Almost every time scripts come up in these forums, the debate is on the substantive value of them – whether they give anyone an actual advantage (“just build better lineups”), whether maybe certain scripts do, whether sites should ban them to level the playing field or not, or whether the playing field has nothing to do with scripts.
I think this element is overlooked – the vast majority of the population in America doesn’t know anything about DFS except what they hear on TV. Thanks to FD/DK’s insane advertising blitz, and a few media reports that may or may not have carried ulterior motives, the public perception on DFS is not paticularly positive. They also don’t really understand what a script is, or what it does, or why it may or may not give an advantage. They just hear that the top pros use scripts as part of a report, and often times the reports say the scripts are part of why the pros beat them (regardless of whether or not it’s true).
Perception is often far more important than reality. If the public percieves scripts to be a problem, then they’re a problem. Unless either FTSA, or DK/FD, or Rotogrinders, or some other entity, wants to put out a massive marketing plan to try to change the perception about scripts and what they can or can’t do, then this perception is probably never going to change. And unlesss public perception changes, then scripts need to go. Period.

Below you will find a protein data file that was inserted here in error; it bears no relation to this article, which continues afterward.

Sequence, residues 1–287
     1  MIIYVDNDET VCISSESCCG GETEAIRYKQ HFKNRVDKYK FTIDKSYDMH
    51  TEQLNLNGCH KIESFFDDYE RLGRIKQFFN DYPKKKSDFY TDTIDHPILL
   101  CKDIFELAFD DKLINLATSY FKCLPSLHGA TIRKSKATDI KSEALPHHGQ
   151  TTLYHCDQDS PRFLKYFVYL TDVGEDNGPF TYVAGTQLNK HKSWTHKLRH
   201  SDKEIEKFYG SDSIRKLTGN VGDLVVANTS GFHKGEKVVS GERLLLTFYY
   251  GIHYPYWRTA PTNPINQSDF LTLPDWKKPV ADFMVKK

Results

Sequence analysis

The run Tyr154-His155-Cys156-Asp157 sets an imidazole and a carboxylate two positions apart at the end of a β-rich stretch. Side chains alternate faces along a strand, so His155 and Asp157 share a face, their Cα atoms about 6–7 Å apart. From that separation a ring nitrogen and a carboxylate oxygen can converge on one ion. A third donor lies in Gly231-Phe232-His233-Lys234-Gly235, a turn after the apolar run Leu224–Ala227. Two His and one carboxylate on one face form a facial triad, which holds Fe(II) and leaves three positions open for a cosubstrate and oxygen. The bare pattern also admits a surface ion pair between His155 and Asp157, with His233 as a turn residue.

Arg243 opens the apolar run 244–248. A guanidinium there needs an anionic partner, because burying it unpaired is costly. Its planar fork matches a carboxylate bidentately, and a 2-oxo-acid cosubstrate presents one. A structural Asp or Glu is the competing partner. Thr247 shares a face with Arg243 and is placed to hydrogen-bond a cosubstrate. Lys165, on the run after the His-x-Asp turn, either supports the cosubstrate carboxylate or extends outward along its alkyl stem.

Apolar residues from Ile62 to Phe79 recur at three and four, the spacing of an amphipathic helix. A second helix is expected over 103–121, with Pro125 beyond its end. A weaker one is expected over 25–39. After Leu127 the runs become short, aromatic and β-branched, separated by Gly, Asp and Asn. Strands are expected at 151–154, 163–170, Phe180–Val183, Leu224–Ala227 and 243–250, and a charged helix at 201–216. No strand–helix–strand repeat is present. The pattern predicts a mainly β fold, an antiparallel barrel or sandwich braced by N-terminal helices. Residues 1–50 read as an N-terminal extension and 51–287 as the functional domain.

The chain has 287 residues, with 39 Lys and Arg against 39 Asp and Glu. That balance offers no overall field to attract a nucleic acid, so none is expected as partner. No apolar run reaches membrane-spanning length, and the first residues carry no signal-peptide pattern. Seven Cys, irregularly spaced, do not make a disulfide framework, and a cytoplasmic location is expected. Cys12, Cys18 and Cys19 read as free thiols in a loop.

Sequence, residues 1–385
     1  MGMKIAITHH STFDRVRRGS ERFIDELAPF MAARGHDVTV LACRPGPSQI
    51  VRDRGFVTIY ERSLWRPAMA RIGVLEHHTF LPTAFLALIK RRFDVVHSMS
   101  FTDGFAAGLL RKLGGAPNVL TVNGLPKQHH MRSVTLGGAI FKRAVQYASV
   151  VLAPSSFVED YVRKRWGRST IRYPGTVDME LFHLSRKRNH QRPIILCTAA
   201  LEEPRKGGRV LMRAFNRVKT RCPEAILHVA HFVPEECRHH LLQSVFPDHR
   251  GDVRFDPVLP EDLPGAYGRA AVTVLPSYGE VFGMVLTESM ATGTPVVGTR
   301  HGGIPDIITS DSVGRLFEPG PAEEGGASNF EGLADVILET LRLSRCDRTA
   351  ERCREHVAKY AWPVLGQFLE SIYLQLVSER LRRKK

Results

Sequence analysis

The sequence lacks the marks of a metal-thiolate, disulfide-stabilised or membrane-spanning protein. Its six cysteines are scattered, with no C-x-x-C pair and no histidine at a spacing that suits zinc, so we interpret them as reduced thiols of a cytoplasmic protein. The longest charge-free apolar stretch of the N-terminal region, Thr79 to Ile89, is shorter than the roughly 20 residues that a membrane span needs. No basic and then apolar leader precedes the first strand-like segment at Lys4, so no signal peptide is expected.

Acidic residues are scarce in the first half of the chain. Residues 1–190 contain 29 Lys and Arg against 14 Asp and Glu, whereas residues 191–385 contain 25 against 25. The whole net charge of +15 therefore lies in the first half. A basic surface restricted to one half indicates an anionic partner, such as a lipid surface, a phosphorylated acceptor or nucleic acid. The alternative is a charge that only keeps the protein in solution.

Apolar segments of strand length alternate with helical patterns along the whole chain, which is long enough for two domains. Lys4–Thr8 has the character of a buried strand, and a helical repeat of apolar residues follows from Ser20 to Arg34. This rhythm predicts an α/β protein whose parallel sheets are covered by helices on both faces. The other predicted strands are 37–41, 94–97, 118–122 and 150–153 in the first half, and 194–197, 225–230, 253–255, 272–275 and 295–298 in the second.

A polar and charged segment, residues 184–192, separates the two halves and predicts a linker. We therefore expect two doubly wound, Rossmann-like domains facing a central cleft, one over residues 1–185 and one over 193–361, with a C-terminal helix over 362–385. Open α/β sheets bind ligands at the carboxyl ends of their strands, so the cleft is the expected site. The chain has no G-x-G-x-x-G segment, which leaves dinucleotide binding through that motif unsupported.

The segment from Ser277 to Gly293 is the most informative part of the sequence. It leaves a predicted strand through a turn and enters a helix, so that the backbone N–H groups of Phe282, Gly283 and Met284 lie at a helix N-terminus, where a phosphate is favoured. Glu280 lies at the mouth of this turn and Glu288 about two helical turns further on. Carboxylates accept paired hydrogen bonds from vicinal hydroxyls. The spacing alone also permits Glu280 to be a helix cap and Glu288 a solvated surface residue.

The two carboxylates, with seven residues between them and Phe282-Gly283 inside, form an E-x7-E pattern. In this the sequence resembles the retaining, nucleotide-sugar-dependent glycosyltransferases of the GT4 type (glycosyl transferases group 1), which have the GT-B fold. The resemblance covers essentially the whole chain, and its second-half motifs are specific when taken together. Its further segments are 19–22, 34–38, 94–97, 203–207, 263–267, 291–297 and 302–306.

The long-term health of DFS depends on casual players continuing to play for low-stakes, losing small amounts to the overall pool from time to time, as well as new customers signing up on a regular basis. It also depends on having politicial entities and big corporations not looking for any small thing to jump on to try to go after the entire landscape. Scripts, specifically the public perception of scripts and their increased awareness of the use of them, are a huge problem for the industry. They really need to be banned. Not because they’re bad, not because they may give an advantage, but because the vast majority of the population outside of DFS, and a significant portion of the population inside DFS, think they give an advantage.
The same theory is why Ethan should have been let go by Draft Kings almost immediately. Regardless of whether or not he had access to ownership percentages before lock, and regardless of whether he used said ownership percentage information to build a FanDuel Lineup, thanks to media reporting that was either incompetent, lazy, stupid or had blatant ulterior motives, the narrative was “DraftKings employee uses insider information to win $350,000 on FanDuel”, and the public perception was almost universally that exact narrative.
Too often people on here focus on the substance of an issue, forgetting that for the most part, the American public is uninformed, and isn’t going to turn to a Rotogrinders thread for a substantive debate on the issue. So regardless of whether something actually happened, what “Joe Sixpack” thinks is just as important, if not more important, than what actually happened.